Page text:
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Thank you for reading! Stay tuned

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Hello,

This is just a quick post to say thank you to everyone to took the time to read my blog over the past 2 years! I started this blog with an ambition to document my learning with iPad and its been fun to write the posts as well as read the old ones! The blog actually started as part of a proposed “Diary project”, but I did not hear about it again (nor did I enquire again), so I just continued to blog independently. Nevertheless, the blog did gain a lot of attention in it’s own right – being shown at events and other Universities; and this is something I am really proud of.

Its been an amazing journey and when I graduate Westminster this July, I will continue to use iPad in my future career. This means I may continue to post about my learning journey with iPad in the coming months.

As a student in their final year, semester 2 was really good in terms of iPad use. A lecturer managed to squeeze in the “Keynote Live” feature into their presentation which made it easier to follow the slides and read small text. It was an experimental thing, I’m sure, but I can see it having many advantages. I believe there was a limit of 50 viewers, so if Apple increases this (without reducing quality or something), it might be something worth doing in many other lectures.

As far as learning with iPad goes, it remained consistent with previous years I have talked about it. Its great to have a device on the go for revision and using the free apps from FST, and it was something I will always appreciate about Westminster. I only wish that we were given iPads in the first year!

Like I’ve said previously, my journey at Westminster might be over, but my learning journey doesn’t end here. I will continue to embrace my new “skills” with my personal iPad. Not to sound like an ad, but the iPad is something I really enjoyed using as it became part of me. I’ll be honest, it was not too useful for a Computer Science student, but it was good for the non-programming side of things. I’ve been told you can program on an iPad, but IMO it’s not as immersive as a traditional computer.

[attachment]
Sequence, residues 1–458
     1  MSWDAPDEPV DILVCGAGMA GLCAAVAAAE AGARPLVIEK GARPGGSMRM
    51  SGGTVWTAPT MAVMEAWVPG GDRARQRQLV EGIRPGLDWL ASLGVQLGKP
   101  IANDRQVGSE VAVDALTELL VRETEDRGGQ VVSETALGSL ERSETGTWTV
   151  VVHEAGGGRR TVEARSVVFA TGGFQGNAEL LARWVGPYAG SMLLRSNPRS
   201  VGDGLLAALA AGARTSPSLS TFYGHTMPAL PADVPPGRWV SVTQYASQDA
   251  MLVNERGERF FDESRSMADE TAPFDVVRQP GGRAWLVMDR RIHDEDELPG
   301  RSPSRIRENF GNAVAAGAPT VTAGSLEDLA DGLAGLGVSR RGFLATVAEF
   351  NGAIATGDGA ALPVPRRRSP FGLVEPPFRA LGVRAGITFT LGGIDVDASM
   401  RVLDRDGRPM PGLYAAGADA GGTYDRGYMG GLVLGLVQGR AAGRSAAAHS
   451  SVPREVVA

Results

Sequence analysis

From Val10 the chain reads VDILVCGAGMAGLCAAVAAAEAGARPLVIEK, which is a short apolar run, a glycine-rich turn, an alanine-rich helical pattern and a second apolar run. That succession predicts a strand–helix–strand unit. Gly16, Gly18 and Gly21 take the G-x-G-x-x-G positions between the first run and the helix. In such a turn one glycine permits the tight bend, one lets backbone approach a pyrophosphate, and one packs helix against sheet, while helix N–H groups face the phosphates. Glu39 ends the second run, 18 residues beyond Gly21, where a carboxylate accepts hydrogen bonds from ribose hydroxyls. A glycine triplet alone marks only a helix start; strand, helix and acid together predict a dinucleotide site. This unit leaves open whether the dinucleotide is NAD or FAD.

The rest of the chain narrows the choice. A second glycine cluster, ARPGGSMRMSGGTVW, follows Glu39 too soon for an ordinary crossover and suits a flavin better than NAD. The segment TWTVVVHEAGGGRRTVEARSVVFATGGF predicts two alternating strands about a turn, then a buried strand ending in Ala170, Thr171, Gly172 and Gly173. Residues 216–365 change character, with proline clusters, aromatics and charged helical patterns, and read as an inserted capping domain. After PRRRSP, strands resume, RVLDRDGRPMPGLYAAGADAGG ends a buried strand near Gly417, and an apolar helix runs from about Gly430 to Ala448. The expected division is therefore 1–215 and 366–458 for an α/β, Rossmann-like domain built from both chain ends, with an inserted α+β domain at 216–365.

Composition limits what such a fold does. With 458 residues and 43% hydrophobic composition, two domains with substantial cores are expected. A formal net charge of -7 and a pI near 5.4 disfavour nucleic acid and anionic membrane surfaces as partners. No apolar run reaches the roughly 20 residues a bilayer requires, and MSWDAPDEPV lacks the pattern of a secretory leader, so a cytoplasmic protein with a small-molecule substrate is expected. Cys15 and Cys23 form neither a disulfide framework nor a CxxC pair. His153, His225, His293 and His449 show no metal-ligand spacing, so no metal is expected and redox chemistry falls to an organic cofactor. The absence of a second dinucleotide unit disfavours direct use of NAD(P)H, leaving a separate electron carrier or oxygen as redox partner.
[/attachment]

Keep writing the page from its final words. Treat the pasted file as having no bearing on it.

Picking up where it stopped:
Also, I can’t forget the fact that the iPad gave me “access” to a hidden room at Apple Regent Street! It was great to visit the store and pick up all the information about probing and using iPad apps.

Secret: The hidden room is just as appealing as the rest of the redesigned store.

I hope you have enjoyed reading my blog as much as I enjoyed writing the posts, and hope you will come again to read the posts again.

Special thanks to all of the Apple Education team (P. Hutton!), the University of Westminster and Academia for making this learning journey, on My iPad Diary, possible in the first place.

Look out for more posts coming in the next few months – I can’t wait to tell you whats next! It’s really exciting.

Thank you,

Irfan

I Like Apps in Lectures

Its now week 3 and I already have so much to talk about.

3 out 5 of my lecturers have been using the iPad as a way of engaging with students and as a student I am really happy with the outcome.

In one of my module lectures We have used the app ‘Kahoot it’ as a way of playing a quiz with the class and its proven to be very fun and engaging. We’ve used this in 2 out of 3 lectures so far and its really fun. It can become competitive really quickly.